/usr/sbin/alternatives --install /usr/local/bin/firefox firefox /opt/firefox/firefox 20

Now we can manually set which firefox executable to use as the system’s default. In other words, the following command links /usr/local/bin/firefox to the desired executable (/opt/firefox/firefox in our case):

/usr/sbin/alternatives --set firefox /opt/firefox/firefox

Instead of the --set option as shown above, we can use the –config option, so that a list of the available alternatives is displayed and we are prompted to make a selection:

# /usr/sbin/alternatives --config firefox

There are 2 programs which provide 'firefox'.

  Selection    Command
   1           /usr/bin/firefox
*+ 2           /opt/firefox/firefox

Enter to keep the current selection[+], or type selection number: 2

Finally, we can issue the following command to get an overview of our current configuration for the group ‘firefox‘:

# /usr/sbin/alternatives --display firefox
firefox - status is manual.
 link currently points to /opt/firefox/firefox
/usr/bin/firefox - priority 10
/opt/firefox/firefox - priority 20
Current `best' version is /opt/firefox/firefox.

Revert to the original state

If for any reason you need to revert things back to the default state, all you have to do in order to remove all the “alternatives” we had configured in the previous section is the following:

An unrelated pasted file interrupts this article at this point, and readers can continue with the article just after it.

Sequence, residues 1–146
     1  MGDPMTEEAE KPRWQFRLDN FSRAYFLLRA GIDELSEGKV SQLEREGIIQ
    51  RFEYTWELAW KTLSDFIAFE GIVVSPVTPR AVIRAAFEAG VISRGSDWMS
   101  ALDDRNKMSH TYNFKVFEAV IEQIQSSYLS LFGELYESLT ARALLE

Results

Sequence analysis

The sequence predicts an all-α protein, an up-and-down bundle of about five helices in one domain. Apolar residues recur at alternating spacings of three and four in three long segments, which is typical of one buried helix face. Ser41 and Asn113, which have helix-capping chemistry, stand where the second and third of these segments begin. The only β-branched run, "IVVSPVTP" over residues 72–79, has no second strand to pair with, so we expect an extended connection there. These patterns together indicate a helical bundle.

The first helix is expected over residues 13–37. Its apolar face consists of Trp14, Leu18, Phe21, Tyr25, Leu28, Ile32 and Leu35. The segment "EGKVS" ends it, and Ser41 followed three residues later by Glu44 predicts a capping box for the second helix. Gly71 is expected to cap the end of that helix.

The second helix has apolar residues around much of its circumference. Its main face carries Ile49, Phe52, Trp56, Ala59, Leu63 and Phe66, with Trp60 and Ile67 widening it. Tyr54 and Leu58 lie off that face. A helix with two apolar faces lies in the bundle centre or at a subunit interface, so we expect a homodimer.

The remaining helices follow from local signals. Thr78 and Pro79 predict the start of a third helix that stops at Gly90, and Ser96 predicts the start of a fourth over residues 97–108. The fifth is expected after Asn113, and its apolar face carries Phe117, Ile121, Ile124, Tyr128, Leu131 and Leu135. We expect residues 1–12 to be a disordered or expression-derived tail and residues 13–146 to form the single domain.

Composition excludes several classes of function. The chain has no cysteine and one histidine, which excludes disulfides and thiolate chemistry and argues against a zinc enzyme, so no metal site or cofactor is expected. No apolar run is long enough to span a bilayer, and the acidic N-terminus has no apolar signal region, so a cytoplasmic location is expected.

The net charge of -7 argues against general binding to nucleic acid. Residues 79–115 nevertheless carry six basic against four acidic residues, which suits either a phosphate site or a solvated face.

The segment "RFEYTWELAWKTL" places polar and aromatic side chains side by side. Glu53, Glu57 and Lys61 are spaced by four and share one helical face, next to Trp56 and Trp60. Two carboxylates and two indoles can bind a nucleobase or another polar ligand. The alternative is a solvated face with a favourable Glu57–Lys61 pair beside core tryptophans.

/usr/sbin/alternatives --remove firefox /opt/firefox/firefox
/usr/sbin/alternatives --remove firefox /usr/bin/firefox

No other configuration is required. From now on, whenever the ‘firefox‘ command is invoked, fedora’s old /usr/bin/firefox is executed.

Final Thoughts

Technical issues in the linux distribution preparation process might limit the user to certain software versions. The alternatives system provides users with the choice to configure the system in a way that it is extremely easy to switch between default and custom versions of the same software.

Use the Alternatives System to switch to a custom Firefox release by George Notaras is licensed under a Creative Commons Attribution-NonCommercial-ShareAlike 4.0 International License.
Copyright © 2008 - Some Rights Reserved

4 responses on “Use the Alternatives System to switch to a custom Firefox release

  1. Jon Permalink →

    Debian definitely has the alternatives system, because that’s where it originated :-) Does fedora ship a “x-www-browser” alternative? IF so, it might be easier to add your alternative firefox to that, rather than add and maintain a new one at /usr/local/bin.

    I do not know which version of firefox was shipped with FC9, but according to, there are no code changes whatsoever between the firefox 3.0 release candidates and the final one that apply to the linux release.

  2. George Notaras Post authorPermalink →

    Yes, of course, Debian supports it :-)

    Unfortunately, fedora does not use an approach such as the “x-www-browser” alternative and this is why things have to get complicated by creating the symbolic link inside /usr/local/bin/ instead of /usr/bin/. I filed a bug about it yesterday (actually it is more an enhancement request than a bug).

    Fedora 9 ships with Firefox 3 beta 5. I really do not know what code changes the final version contains compared to the betas and the release candidates.

    Thanks for your feedback :)

  3. Robert Middleswarth Permalink →

    Question. I am using Fedora 7 for a little while and not ready to upgrade to 9. I followed the steps and when I manually run firefox from a command line it brings up 3 instead of 2 but all the icons on the desktop still bring up 2 instead of 3 any suggestions on how to fix?


  4. Teri Permalink →

    George hi,
    I was wondering if you are the same George Notaras working/assisting Dr. Robert Anthony?
    Kind regards,
    Teri Vakaki